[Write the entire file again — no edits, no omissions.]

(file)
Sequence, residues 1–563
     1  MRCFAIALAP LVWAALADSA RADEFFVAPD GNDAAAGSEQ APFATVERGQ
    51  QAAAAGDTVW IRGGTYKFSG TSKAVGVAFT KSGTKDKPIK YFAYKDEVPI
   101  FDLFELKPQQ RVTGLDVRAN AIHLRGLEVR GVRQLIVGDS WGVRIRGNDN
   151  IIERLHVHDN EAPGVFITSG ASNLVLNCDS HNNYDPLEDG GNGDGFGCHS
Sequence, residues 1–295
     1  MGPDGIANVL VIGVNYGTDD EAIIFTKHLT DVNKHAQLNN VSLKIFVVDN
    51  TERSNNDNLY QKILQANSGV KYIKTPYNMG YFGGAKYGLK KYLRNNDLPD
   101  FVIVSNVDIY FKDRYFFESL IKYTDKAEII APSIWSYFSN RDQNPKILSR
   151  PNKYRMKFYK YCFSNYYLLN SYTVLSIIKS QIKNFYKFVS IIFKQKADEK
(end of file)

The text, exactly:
Sequence, residues 1–563
     1  MRCFAIALAP LVWAALADSA RADEFFVAPD GNDAAAGSEQ APFATVERGQ
    51  QAAAAGDTVW IRGGTYKFSG TSKAVGVAFT KSGTKDKPIK YFAYKDEVPI
   101  FDLFELKPQQ RVTGLDVRAN AIHLRGLEVR GVRQLIVGDS WGVRIRGNDN
   151  IIERLHVHDN EAPGVFITSG ASNLVLNCDS HNNYDPLEDG GNGDGFGCHS
Sequence, residues 1–295
     1  MGPDGIANVL VIGVNYGTDD EAIIFTKHLT DVNKHAQLNN VSLKIFVVDN
    51  TERSNNDNLY QKILQANSGV KYIKTPYNMG YFGGAKYGLK KYLRNNDLPD
   101  FVIVSNVDIY FKDRYFFESL IKYTDKAEII APSIWSYFSN RDQNPKILSR
   151  PNKYRMKFYK YCFSNYYLLN SYTVLSIIKS QIKNFYKFVS IIFKQKADEK